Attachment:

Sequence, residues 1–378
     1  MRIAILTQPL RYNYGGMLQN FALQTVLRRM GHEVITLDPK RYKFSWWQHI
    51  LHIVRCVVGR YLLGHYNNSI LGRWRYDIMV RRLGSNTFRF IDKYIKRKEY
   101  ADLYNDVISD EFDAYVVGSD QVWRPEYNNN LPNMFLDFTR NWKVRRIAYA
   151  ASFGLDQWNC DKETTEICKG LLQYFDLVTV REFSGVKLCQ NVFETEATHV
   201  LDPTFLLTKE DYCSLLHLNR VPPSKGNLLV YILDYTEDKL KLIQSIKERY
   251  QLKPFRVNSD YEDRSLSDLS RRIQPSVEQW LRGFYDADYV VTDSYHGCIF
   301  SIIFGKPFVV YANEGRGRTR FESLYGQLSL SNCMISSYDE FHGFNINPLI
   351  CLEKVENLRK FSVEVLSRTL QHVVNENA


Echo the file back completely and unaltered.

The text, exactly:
Sequence, residues 1–378
     1  MRIAILTQPL RYNYGGMLQN FALQTVLRRM GHEVITLDPK RYKFSWWQHI
    51  LHIVRCVVGR YLLGHYNNSI LGRWRYDIMV RRLGSNTFRF IDKYIKRKEY
   101  ADLYNDVISD EFDAYVVGSD QVWRPEYNNN LPNMFLDFTR NWKVRRIAYA
   151  ASFGLDQWNC DKETTEICKG LLQYFDLVTV REFSGVKLCQ NVFETEATHV
   201  LDPTFLLTKE DYCSLLHLNR VPPSKGNLLV YILDYTEDKL KLIQSIKERY
   251  QLKPFRVNSD YEDRSLSDLS RRIQPSVEQW LRGFYDADYV VTDSYHGCIF
   301  SIIFGKPFVV YANEGRGRTR FESLYGQLSL SNCMISSYDE FHGFNINPLI
   351  CLEKVENLRK FSVEVLSRTL QHVVNENA